After years of medical struggles and losing her teeth, Las Vegan Tonja Brauch said it was not people’s uncomfortable stares that hurt the most, but ugly comments aimed at her children.
"We've had neighbors that have said rude stuff about me to them, you know, said I was a hillbilly or a crackhead," said Brauch, who has five adopted children and two foster children.
Brauch, who has fostered 45 children over the last 25 years, said she was uncomfortable to smile or even speak.
"My little girls are still in elementary school so when I'd have to go to the school, it would be embarrassing to have to talk. I felt embarrassed not having my teeth," Brauch said.
Brauch, 54, will soon be able to smile again with a new set of dental implants. Canyon Oral and Facial Surgery is giving the foster mother and cancer survivor free dental implant surgery after she won their Smile Again contest.
Flores Family Dental is also providing restorative dental services, and BioHorizons Implant Systems donated the implants.
Brauch heard about the contest from one of her doctors. She was one of two winners among about 300 people who submitted their stories about needing help.
Brauch was first diagnosed with skin cancer in 1995. Since then, she's had a stroke, pancreatic surgery and spent six months in a coma and a year in a wheelchair. Doctors didn't think she'd survive, let alone walk again.
Saddled with medical bills, Brauch couldn’t afford regular dental care and began losing her teeth. By last year, all of her teeth either fell out or had to be removed to prevent infection.
Dental implants can cost as much as $15,000 and most insurance companies won't cover the procedure because it is considered cosmetic surgery.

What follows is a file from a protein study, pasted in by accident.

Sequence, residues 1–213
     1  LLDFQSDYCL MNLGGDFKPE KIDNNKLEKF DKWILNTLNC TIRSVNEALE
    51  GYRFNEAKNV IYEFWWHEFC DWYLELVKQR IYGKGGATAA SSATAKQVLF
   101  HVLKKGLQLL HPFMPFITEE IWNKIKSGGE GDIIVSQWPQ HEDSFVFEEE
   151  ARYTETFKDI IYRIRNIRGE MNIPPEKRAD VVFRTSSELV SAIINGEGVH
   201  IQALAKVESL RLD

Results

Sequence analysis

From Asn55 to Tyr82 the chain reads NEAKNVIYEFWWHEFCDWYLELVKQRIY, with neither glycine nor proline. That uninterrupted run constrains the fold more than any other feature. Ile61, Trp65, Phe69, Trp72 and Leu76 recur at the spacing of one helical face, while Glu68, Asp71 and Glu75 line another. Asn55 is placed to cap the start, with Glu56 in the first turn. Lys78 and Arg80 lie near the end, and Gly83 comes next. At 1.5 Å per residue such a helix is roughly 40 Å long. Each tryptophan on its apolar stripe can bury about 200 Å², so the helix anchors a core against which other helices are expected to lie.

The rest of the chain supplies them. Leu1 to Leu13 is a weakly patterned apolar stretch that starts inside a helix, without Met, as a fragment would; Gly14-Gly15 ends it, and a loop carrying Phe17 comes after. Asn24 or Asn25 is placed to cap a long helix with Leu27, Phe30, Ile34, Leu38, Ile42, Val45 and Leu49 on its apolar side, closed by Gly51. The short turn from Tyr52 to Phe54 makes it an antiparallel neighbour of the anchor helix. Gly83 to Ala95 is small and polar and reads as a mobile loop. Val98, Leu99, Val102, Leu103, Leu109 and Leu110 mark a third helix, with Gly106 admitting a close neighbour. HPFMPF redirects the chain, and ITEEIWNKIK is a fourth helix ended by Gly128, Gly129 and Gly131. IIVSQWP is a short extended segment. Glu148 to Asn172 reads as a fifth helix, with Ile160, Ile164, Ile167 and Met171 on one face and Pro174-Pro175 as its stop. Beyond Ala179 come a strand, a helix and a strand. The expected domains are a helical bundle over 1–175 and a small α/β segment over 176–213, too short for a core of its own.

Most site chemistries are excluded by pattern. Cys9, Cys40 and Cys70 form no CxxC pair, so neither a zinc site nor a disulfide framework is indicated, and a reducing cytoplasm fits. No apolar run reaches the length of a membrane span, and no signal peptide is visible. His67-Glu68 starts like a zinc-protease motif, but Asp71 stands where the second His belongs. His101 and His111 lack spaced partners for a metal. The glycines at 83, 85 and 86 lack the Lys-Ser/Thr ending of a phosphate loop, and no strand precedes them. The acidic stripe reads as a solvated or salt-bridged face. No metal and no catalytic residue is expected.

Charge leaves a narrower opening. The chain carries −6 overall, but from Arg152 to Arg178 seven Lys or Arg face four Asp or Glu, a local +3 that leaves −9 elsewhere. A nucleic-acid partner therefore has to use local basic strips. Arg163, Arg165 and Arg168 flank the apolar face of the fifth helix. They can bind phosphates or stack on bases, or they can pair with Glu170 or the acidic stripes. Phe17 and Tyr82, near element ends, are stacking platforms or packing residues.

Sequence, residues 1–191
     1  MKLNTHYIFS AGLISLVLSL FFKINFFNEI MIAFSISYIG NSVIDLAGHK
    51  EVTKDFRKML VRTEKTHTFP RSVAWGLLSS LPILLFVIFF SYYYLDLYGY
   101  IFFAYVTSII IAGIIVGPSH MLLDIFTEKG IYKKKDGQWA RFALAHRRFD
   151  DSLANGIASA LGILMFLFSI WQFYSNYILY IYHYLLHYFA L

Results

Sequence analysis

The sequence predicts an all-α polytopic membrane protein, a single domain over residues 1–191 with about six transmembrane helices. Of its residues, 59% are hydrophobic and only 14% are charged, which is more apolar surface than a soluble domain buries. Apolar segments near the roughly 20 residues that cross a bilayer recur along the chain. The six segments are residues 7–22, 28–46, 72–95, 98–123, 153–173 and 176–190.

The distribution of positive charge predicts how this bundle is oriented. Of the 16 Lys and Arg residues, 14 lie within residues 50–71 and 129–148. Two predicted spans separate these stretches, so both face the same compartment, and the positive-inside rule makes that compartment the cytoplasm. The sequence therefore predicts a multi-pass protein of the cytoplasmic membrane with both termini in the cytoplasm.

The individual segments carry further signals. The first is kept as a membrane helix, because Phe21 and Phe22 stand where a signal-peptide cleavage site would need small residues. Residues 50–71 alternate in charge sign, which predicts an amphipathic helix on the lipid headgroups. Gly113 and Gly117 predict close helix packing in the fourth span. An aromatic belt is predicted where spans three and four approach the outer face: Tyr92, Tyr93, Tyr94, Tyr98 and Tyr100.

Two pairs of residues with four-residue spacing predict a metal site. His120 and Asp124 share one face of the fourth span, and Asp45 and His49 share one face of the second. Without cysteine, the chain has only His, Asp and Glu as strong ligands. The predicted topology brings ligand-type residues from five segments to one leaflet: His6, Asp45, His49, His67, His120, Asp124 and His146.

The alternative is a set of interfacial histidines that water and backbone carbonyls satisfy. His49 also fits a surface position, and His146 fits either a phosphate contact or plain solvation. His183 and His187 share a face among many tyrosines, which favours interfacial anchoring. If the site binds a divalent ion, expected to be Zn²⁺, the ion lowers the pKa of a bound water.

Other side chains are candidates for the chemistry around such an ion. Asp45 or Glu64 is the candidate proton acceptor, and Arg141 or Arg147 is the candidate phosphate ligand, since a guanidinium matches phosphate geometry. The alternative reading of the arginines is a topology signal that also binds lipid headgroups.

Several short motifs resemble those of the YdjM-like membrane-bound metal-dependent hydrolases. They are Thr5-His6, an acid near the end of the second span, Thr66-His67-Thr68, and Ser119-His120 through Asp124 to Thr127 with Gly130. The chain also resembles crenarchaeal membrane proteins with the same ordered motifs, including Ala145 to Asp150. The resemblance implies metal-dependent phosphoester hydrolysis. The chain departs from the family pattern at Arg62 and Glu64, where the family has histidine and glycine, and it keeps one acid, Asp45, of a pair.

"It's frustrating when you see people that need care and could use a service and you can't provide it because there's financial restrictions," said Jesse JJ Falk, a surgeon at Canyon Oral and Facial Surgery who is performing Brauch's dental procedure.
Falk said Brauch won the contest because of her compelling story of generosity in fostering children while battling cancer.
Brauch has been in remission from cancer for two years, and she can focus more now on restoring her oral health. Her jawbone is so diminished that regular dentures don't stay in place and she can't chew solid food.
"When you lose your teeth, the bone actually melts away. It's not being used; it just dissolves," Falk said.
Dental implants can help prevent the jawbone from further eroding by keeping it stimulated, Falk said.
It will take about five months to complete the implant process. But the experience with the surgeons and staff at Canyon Oral and Facial Surgery has already helped restore Brauch’s self-esteem.
"They treat you like you're somebody important," she said.